John Leonard (MIT)

John J. Leonard is Samuel C. Collins Professor of Mechanical and Ocean Engineering and Associate Department Head for Research in the MIT Department of Mechanical Engineering. He is also a member of the MIT Computer Science and Artificial Intelligence Laboratory (CSAIL). His research addresses the problems of navigation and mapping for autonomous mobile robots. He holds the degrees of B.S.E.E. in Electrical Engineering and Science from the University of Pennsylvania (1987) and D.Phil. in Engineering Science from the University of Oxford (1994). Prof. Leonard joined the MIT faculty in 1996, after five years as a Post-Doctoral Fellow and Research Scientist in the MIT Sea Grant Autonomous Underwater Vehicle (AUV) Laboratory. He was team leader for MIT's DARPA Urban Challenge team, which was one of eleven teams to qualify for the Urban Challenge final event and one of six teams to complete the race. He served as Co-Director of the Ford-MIT Alliance from 2009 to 2013. He is the recipient of an NSF Career Award (1998) and the King-Sun Fu Memorial Best Transactions on Robotics Paper Award (2006). He is an IEEE Fellow (2014).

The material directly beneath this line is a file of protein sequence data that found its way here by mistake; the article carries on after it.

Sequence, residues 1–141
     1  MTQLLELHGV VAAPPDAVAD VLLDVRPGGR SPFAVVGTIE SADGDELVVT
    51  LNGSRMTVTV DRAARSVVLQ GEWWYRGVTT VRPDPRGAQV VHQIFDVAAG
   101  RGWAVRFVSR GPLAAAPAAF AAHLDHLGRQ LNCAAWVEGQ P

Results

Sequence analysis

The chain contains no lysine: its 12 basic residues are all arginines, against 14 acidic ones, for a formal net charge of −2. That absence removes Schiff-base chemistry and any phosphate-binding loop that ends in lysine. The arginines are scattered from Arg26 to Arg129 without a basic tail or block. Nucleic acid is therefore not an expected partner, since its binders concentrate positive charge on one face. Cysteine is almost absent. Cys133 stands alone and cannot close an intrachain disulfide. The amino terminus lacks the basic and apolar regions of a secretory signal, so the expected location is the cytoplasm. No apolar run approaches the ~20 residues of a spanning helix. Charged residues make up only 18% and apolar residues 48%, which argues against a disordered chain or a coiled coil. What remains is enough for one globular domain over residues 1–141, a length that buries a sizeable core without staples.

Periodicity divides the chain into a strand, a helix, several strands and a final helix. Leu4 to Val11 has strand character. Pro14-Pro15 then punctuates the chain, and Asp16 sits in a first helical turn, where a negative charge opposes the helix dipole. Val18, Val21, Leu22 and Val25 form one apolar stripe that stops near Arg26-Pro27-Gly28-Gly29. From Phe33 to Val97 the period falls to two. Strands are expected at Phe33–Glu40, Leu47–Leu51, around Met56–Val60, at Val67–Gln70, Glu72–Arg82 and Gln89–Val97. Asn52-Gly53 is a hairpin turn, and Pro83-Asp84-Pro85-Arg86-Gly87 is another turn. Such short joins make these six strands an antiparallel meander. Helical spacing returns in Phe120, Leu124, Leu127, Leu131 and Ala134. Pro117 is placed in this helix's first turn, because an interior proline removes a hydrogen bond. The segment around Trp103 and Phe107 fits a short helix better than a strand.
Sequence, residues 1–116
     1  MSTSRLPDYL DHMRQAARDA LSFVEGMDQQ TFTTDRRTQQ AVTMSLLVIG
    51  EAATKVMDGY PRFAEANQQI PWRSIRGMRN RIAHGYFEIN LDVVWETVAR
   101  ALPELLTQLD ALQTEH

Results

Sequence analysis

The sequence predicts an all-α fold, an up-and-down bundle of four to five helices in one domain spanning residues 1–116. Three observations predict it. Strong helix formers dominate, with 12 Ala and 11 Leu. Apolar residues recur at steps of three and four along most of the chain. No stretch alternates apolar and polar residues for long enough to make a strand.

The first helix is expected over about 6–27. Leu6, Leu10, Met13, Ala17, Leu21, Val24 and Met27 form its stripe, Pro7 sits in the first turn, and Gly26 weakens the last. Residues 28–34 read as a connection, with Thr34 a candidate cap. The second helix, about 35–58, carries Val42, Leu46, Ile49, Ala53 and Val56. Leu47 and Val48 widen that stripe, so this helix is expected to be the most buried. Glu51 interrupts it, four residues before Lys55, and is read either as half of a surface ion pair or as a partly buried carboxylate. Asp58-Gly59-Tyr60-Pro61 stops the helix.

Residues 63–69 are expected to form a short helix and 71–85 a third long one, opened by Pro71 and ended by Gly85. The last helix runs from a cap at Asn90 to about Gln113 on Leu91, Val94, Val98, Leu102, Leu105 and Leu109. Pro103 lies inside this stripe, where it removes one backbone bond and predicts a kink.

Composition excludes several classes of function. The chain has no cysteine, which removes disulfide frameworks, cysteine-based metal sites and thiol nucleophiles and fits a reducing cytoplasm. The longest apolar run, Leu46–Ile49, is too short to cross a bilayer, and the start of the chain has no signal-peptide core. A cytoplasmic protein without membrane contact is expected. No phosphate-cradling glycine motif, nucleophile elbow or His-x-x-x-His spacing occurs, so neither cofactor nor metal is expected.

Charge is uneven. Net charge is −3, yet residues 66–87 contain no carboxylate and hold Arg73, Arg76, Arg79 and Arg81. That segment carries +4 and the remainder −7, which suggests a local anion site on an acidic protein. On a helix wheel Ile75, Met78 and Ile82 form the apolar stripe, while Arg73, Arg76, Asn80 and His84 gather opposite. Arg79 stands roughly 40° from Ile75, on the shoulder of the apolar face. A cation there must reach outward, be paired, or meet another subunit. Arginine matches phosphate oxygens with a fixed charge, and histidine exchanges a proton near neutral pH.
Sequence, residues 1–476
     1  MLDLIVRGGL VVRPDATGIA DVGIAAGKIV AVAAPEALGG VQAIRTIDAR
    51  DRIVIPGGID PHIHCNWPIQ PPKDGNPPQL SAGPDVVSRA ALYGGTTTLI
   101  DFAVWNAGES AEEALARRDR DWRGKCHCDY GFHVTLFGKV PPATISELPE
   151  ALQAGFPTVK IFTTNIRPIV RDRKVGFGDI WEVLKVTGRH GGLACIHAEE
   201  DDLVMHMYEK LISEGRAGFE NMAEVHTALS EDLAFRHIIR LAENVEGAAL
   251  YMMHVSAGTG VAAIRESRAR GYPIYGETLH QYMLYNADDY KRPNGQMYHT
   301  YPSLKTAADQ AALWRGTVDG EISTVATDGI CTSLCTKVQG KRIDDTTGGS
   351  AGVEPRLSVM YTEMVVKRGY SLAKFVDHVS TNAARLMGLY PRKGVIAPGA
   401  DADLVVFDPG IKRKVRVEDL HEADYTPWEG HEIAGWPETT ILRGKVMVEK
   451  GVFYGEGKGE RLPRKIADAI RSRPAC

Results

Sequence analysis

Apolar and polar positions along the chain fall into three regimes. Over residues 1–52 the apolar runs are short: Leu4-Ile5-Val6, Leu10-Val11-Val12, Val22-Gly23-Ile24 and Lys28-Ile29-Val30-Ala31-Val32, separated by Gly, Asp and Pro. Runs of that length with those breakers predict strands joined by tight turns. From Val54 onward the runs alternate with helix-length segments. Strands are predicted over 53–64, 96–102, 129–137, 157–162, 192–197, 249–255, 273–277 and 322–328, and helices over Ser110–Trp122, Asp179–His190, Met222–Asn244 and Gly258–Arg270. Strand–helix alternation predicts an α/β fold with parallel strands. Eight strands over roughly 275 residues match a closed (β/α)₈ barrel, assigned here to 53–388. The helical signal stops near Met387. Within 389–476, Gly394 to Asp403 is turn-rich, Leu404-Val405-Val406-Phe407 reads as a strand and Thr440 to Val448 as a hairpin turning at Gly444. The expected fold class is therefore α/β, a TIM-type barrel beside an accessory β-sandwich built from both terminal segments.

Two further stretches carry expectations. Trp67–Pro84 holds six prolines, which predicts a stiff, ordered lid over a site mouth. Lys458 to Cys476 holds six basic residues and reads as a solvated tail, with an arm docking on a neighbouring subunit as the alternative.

Important Dates

April 18, 2017 Student Lodging Grant Application Deadline
May 1, 2017 Registration and Abstract Submission Deadline
May 18–19, 2017 Workshop


The workshop is starting at 10:00am on Thursday to allow time for people to commute to Chicago in the morning. It will end with lunch on Friday. Breakfast and lunch will be provided both days. The program will include invited and contributed talks, as well as poster sessions.

The following times are subject to change.

Thursday, May 18